May 19, 2011

Duke Refuels Attack with Freshmen

by Mark Medina |

Zach Howell (left) has been a mentor for freshmen Christian Walsh (right) and Jordan Wolf, although they occasionally tease him for his intensity in practice.

© Peyton Williams

With little forewarning, Duke men's lacrosse coach John Danowski gathered his players and told them a simple message.

"You don't grow unless you experience things together."

The Blue Devils' had just lost to Penn on Feb. 26, marking their second consecutive defeat and the first time since 1986 they only scored three goals in a game. With Duke coming off a championship season and featuring a 10-member freshman class, Danowski focused less on wins and losses and more on how the team developed.

But it was time to make an adjustment.

To jumpstart Duke's offense, Danowski just alerted his team he would move up freshmen Jordan Wolf and Christian Walsh to the attack line with senior Zach Howell, while moving senior Jesse Fehr and sophomore Josh Offit to midfield. Walsh initially remembered feeling "strange" about the move considering the sensitivity of taking an upperclassmen's spot. But the tactical shift proved instrumental in Duke (13-5) winning 10 of its next 13 games entering their quarterfinal matchup Sunday at 2:30 against Notre Dame in Foxborough, Mass.

There will be plenty of hype surrounding the rematch of the 2010 NCAA championship. There will be uncertainty leading up to game time whether sophomore goalkeeper Dan Wigrizer will play, since he sat out in Duke's 15-14 first-round victory last week over Delaware due to a concussion and hadn't been cleared to practice Tuesday like Danowski had initially hoped. And there will be intrigue on how the Blue Devils' revamped attack line will match with the Fighting Irish after beating Duke in its season opener without that combination.

Since the switch, Howell, Wolf and Walsh have accounted for 75 and 41 assists, while both Howell and Wolf have each recorded six hat tricks this season. This, despite losing 16 letterwinners from last season's NCAA championship team, including attackman Max Quinzani and midfielder Ned Crotty, who combined for nearly 500 career points and six All-American awards.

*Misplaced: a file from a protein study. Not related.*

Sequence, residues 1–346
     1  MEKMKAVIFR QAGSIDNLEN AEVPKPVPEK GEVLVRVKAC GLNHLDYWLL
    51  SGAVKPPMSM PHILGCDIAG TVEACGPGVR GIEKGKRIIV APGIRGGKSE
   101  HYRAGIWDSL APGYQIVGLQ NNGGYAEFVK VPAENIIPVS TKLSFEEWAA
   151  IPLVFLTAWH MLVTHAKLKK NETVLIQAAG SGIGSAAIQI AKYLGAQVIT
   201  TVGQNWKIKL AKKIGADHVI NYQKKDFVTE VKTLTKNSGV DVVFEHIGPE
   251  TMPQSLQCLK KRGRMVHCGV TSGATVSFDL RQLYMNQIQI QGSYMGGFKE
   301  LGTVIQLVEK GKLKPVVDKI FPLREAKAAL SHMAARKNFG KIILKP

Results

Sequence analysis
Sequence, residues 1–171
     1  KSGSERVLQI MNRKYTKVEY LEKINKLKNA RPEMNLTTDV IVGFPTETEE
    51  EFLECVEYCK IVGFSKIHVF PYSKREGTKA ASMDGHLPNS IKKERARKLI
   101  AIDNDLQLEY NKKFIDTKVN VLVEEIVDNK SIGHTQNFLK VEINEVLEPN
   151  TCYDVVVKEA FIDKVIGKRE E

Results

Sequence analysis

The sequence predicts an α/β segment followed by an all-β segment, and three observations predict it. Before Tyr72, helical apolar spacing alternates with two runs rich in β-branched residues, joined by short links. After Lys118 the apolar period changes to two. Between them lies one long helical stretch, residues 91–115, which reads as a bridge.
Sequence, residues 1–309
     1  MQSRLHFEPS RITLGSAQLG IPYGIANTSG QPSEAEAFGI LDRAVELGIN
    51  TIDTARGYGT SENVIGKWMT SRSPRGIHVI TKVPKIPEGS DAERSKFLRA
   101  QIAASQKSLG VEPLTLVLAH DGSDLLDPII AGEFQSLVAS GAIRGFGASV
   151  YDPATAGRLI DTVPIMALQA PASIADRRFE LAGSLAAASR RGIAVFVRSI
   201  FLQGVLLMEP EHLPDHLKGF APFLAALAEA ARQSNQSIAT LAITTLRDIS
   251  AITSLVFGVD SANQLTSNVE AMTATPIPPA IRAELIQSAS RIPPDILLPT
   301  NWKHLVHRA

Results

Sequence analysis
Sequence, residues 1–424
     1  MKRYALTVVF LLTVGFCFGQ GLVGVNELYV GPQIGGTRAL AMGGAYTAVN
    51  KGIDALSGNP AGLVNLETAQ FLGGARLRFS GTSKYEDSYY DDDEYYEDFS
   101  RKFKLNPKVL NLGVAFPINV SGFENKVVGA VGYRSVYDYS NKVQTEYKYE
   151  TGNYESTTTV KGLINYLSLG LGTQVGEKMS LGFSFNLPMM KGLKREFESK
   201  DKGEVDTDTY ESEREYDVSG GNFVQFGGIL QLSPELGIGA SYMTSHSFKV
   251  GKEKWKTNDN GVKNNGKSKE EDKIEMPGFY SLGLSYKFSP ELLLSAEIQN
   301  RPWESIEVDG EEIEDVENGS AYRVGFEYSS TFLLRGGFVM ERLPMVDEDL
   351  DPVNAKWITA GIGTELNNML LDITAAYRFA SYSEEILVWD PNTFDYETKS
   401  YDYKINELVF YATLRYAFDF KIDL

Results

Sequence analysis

"We were all open to it," said Howell, who leads the Blue Devils in points (58) and goals (42). "I remember Coach said, 'Go out and play and try to have fun with it.'"

Although Wolf characterized that week in practice as "tough" and Danowski conceded he initially expected a "rugged transition," the switch immediately paid off. Duke's 9-8 overtime victory March 5 over Maryland featured Wolf scoring a hat trick and the game-winning goal, providing a sneak preview of future performances. That included Wolf's career-high seven-point effort in Duke's 14-12 win March 26 over Georgetown and Howell's five-point showing in the Blue Devils' NCAA tournament first-round win over Delaware.

The instant chemistry goes beyond Danowski's account that Howell, Wolf and Walsh have worked well with the midline and have equally strong attributes in dodging, feeding and shooting. As per team tradition, the Blue Devils' attack unit has weekly dinners every Thursday. Wolf said they have "good conversations" typically at campus eateries, such as Brooklyn Pizzeria and Noodles & Company.

"It's definitely helped with our comfort level," said Walsh, who's third on the team in points (31), goals (19) and assists (12). "It's not about lacrosse. We try to keep that on the field. We don't want to feel uptight or worried about the game."

So far, that formula's worked in various ways. Howell conceded he's hung out with Wolf and Walsh more since playing together. Wolf characterized Howell as a "big brother." And Walsh admitted he and Wolf have equally admired and teased Howell for his intensity in practice. As Howell pointed out, Danowski's tactical switch didn't "change our offensive game plan," but the lineup shuffling proved to be just the ingredient Duke needed to refuel its high-powered offense.

"Once we switched to attack, it was like we could do anything we wanted," said Wolf, who's second on the team in points (50), goals (30) and leads the team in assists (20). "It didn't matter what year we were or our talent level. We just felt really confident with what we were doing. "

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